There are less invasive options becoming available for weight loss surgery. There are over 200,000 Americans who undergo the major operation called bariatric surgery to try to least weight.
40 Facts about sleep you probably didn’t know; some examples are ………..
– To drop off we must cool off; body temperature and the brain’s sleep-wake cycle are closely linked. That’s why hot summer nights can cause a restless sleep.
– Anything less than five minutes to fall asleep at night means you’re sleep deprived. The ideal is between 10 and 15 minutes, meaning you’re still tired enough to sleep deeply, but not so exhausted you feel sleepy by day.
-Elephants sleep standing up during non-REM sleep, but lie down for REM sleep.
– Ducks at risk of attack by predators are able to balance the need for sleep and survival, keeping one half of the brain awake while the other slips into sleep mode.
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Fun toy to track your moves and monitor your fitness
Fitbit launched a .028 ounce wireless monitor to track your moves. Its available at Fitbit.com $60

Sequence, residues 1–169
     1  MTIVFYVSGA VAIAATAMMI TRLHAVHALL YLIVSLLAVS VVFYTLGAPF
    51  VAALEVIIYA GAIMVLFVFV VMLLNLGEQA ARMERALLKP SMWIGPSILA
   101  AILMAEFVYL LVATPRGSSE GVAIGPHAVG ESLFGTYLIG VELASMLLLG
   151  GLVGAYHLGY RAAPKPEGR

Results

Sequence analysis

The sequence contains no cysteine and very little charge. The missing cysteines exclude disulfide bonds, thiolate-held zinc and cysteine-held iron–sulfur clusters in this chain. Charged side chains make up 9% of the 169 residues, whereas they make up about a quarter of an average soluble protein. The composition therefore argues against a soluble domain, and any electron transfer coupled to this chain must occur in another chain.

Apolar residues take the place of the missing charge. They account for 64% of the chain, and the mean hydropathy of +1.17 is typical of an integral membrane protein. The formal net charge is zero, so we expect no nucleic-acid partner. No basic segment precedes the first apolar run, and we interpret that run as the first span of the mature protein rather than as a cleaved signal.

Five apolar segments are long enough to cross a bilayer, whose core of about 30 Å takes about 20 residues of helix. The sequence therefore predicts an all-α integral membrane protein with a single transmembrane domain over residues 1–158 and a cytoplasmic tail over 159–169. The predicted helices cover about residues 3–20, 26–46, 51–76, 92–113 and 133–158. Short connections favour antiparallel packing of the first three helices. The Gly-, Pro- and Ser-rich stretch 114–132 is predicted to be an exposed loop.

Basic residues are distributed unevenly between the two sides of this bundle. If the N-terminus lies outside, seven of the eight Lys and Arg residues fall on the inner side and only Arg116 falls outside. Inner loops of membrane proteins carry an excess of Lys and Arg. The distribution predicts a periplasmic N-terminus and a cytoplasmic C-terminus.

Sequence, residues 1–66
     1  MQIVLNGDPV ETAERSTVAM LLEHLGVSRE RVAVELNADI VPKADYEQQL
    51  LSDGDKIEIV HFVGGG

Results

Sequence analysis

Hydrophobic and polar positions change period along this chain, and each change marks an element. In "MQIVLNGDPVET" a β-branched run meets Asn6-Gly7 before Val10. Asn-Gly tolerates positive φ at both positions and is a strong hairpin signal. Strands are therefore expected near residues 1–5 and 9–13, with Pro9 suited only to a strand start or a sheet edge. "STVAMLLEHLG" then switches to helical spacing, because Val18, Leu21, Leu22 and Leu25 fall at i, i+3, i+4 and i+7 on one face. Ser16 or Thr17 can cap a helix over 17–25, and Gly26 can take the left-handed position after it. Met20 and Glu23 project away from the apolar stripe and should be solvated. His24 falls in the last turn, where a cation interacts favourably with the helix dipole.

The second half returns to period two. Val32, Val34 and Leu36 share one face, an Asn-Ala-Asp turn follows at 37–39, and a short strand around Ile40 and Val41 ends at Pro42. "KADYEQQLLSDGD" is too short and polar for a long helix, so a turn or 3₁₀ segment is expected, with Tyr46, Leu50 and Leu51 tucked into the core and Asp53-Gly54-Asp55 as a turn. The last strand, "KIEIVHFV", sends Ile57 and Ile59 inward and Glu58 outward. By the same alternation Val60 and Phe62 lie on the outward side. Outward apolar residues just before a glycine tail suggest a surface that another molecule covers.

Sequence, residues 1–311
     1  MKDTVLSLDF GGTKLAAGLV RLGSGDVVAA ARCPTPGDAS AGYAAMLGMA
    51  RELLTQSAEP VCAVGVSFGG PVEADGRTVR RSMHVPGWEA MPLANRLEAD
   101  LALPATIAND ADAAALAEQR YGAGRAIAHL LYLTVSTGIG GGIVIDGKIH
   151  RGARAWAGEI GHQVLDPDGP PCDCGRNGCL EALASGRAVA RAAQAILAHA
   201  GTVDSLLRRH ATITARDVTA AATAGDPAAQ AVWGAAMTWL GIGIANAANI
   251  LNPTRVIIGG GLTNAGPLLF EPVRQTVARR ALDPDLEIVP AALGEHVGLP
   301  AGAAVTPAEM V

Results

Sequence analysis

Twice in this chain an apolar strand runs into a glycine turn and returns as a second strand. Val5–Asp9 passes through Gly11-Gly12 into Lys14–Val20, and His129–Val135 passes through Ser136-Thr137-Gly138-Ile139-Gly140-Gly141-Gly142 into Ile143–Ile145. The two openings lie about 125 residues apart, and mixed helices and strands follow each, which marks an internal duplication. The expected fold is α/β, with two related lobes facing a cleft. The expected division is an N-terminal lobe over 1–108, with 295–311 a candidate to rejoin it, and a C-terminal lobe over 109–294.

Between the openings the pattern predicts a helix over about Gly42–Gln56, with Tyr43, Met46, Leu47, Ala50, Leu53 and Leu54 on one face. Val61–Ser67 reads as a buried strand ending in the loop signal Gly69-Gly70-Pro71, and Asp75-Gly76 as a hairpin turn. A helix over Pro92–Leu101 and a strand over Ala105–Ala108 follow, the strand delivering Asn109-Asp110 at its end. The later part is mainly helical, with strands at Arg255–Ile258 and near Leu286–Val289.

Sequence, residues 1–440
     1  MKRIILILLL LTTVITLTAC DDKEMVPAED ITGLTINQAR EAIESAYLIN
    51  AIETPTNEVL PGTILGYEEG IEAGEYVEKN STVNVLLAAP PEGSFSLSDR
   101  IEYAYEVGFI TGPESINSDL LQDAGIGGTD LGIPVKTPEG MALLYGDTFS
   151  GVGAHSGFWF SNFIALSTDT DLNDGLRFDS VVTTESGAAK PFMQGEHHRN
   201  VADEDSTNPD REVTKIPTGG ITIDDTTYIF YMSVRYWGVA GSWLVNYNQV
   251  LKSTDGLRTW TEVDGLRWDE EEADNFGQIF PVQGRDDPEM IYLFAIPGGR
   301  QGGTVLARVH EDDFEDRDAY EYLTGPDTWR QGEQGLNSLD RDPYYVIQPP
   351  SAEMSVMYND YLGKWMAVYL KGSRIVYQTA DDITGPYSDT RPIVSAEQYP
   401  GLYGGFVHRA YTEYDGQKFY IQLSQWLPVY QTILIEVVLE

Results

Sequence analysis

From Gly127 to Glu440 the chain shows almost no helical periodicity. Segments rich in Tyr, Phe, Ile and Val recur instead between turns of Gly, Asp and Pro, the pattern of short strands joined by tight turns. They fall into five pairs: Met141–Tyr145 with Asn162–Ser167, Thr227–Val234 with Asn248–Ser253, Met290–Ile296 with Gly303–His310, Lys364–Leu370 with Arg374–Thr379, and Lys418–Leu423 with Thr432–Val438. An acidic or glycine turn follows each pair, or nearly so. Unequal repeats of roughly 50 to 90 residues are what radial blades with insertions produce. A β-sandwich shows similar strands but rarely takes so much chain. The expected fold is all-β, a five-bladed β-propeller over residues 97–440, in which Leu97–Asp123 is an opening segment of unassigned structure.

Researchers are discovering more ways obesity can damage one’s body. These include an individual’s sense of smell, disrupting sleep and seual life and cancerous tumors can grow faster. Read more at
Timing is everything in life….especially when it comes to weight loss. A timely study just released from the Journal of the Academy of Nutrition and Dietetics reminds us that the calorie density, or the amount of calories per bite of food that you eat, may make all the difference in helping you painlessly shed some of that extra winter weight.
Just ask Barbara Rolls, PhD, researcher, and author of the just released, The Ultimate Volumetrics Diet, an updated and expanded version of her bestseller book published in 2004. According to research, much of which was conducted by Rolls, it is the volume of food rather than the calories that is the key to helping you feel satisfied or satiated when you eat. Translation: When it comes to weight loss, you need to outsmart your stomach by filling it up with a large volume of low calorie-dense foods to satisfy your hunger, which will enable you to cutback on daily calories. In this case, size does matter.